Murder. Fire. Revenge.
That’s all seventeen-year-old Alice Monroe thinks about. Committed to a mental ward at Savage Isle, Alice is haunted by memories of the fire that killed her boyfriend, Jason. A blaze her twin sister Cellie set. But when Chase, a mysterious, charismatic patient, agrees to help her seek vengeance, Alice begins to rethink everything. Writing out the story of her troubled past in a journal, she must confront hidden truths.
Is the one person she trusts only telling her half the story? Nothing is as it seems in this edge-of-your-seat psychological thriller from the debut author Emiko Jean.
I received a free advanced copy through NetGalley- this has in no way affected my review.
PLOT: Let me start by saying that I think a lot of how much people enjoyed this book was very much linked to whether they guessed the ending or not. I did not, so I rated it higher than some. The plot took me a long time to get into. I haven’t been in the mood for contemporary, so even though I started this a month and a half ago, I put it down and didn’t pick it back up until I needed a shorter read for day 2 of the read-a-thon I’m participating in. It started out well, but there was so much you didn’t know, and I was so into my audiobook re-read of Graceling that I just didn’t want to read more. When I did pick it up again, I felt like I was powering through a lot of places just to get through to the journal entries. I understand the need for some suspense, but I felt that a lot of the time spent on the present was a little bit repetitive. It all came down to the cafeteria, calling Chase names, and pining over Jason, the lost love.
Honestly, it was only toward the end that I started to really get into the plot. Once Alice starts unraveling the truth, and you start to understand what’s going on (at least for me- I really wanted to know what happened to Cellie) you just get this feeling of utter disbelief- like, “Wow, did that really just happen and this REALLY WHAT IT IS?!” -and then it’s super exciting. But again, you have to be someone like me who hasn’t figured out (and hasn’t tried to figure out) the plot ahead of time.
CHARACTERS: If there’s a book about complex characters, this is it. Well, one of them is complex. And unreliable- which I didn’t realize until the very end. That was a really neat twist that it added (since I didn’t know ahead of time, though I really should have suspected). The journal entries and the glimpses of Cellie were what I was really interested in- I didn’t like Alice, I was unnerved by Jason, and Chase didn’t strike me as well as a better bad boy would have. But I give them some slack- they’re all crazy. But Cellie- that was the character shrouded in mystery, so demented and twisted that you couldn’t help but want to know what she was all about, as well as what she was going to do once Alice.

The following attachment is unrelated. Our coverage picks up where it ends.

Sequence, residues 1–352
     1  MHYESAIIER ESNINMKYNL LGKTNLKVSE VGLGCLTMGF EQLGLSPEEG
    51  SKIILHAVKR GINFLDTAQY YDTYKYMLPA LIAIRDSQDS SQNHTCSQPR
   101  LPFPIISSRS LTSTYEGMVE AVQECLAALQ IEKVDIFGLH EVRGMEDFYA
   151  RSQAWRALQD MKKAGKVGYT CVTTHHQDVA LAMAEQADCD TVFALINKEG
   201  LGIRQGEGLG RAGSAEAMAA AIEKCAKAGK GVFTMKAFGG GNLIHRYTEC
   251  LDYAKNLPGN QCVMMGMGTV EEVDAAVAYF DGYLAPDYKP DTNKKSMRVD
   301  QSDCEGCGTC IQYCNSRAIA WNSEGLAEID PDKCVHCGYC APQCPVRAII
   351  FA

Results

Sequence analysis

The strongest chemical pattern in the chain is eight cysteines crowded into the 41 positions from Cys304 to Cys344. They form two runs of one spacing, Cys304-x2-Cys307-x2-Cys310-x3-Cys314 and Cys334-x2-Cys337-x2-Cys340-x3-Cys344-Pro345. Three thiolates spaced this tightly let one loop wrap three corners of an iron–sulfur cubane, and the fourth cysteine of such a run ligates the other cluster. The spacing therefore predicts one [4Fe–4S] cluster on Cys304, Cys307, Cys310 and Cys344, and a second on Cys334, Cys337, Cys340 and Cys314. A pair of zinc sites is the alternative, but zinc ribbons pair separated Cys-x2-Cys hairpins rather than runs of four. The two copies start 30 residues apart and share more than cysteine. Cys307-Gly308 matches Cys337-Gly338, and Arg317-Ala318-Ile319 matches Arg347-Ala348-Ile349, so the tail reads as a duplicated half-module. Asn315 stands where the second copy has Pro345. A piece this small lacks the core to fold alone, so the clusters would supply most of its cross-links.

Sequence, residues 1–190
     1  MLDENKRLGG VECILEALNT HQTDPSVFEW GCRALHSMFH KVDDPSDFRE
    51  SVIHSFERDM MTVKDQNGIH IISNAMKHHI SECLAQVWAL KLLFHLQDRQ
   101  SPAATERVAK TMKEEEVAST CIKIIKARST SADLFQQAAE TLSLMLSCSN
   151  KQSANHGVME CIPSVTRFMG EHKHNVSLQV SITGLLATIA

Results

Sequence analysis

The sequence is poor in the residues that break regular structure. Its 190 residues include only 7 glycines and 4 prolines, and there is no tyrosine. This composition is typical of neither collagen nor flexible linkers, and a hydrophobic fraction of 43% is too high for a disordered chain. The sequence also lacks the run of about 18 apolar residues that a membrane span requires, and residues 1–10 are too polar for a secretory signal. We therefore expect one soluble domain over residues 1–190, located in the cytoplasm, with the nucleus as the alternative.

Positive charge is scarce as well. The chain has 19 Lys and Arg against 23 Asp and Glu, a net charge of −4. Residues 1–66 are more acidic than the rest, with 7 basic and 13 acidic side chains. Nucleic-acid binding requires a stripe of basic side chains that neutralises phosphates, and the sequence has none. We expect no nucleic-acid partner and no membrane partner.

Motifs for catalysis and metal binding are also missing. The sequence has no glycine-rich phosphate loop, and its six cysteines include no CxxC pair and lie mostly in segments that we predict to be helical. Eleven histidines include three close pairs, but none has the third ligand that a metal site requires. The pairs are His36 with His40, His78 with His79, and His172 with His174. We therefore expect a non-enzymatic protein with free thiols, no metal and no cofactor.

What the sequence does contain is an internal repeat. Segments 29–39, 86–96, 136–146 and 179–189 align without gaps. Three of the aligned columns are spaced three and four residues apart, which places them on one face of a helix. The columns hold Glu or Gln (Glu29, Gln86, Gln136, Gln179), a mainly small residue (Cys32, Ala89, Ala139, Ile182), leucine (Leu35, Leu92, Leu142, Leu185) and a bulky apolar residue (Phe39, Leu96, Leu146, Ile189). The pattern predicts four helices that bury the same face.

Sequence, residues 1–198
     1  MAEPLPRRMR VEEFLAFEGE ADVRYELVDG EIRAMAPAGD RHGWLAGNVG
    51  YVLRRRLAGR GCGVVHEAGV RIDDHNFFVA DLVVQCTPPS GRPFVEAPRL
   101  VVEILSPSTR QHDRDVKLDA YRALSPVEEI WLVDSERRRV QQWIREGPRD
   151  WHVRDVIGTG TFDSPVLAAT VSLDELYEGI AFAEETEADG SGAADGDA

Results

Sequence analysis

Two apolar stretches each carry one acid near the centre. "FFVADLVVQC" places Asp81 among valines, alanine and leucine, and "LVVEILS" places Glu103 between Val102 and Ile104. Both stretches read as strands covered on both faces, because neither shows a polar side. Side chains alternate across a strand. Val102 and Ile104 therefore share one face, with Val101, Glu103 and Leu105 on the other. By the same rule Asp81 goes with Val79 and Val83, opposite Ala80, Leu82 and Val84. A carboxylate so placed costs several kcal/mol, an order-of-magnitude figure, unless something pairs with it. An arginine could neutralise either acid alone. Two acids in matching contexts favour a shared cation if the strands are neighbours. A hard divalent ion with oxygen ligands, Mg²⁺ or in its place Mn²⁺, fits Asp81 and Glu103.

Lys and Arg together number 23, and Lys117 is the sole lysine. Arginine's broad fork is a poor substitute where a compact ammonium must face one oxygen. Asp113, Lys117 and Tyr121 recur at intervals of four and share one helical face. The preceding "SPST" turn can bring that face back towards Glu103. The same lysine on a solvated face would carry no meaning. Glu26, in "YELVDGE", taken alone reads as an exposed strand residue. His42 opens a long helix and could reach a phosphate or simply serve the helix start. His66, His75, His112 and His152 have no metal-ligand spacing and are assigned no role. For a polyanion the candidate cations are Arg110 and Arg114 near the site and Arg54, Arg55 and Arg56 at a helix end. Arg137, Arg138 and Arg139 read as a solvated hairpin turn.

What actually happened threw me for a loop. And maybe that means I’m not a very critical reader when it comes to mystery, or what, but I didn’t try to figure it out beforehand, I had no clue what was going on, and it was just…awesome. That’s what pushed this book up from ‘okay’ to ‘liked it’ for me. But I’m not going to say more about the characters so that I don’t give anything away- but they were crazy, so they were unpredictable, and it got pretty interesting there at the end.
OVERALL: I hate rating books like this. They have their time and place, and you have to be in a specific mood to read a book like this. I don’t know if I was in the right mood, so for me, it was somewhere around 3 stars, maybe a little higher. It would have been lower, but I really enjoyed the twist and the resolution- since I didn’t expect it. Well done to Emiko Jean for a first novel that I imagine was rather difficult to write.
WHAT TO WATCH
As far as romance goes, there are some innuendos and also one implied sex scene near the end, but nothing graphic. There are also some kiss scenes, although those are not graphic either. Violence plays a role in this book- there are two murders by arson, a suicide described secondhand, beating, and lots of crazy screaming and fighting nurses and doctors, as well as an abusive foster parent. There is also some language in varying degrees, name-calling and such. I wouldn’t recommend this for younger or sensitive readers- but that could have been anticipated based on the fact that most of the book takes place in an insane asylum with three orphaned pyromaniacs. So there you have it- read at your own risk, and beware the sudden twist!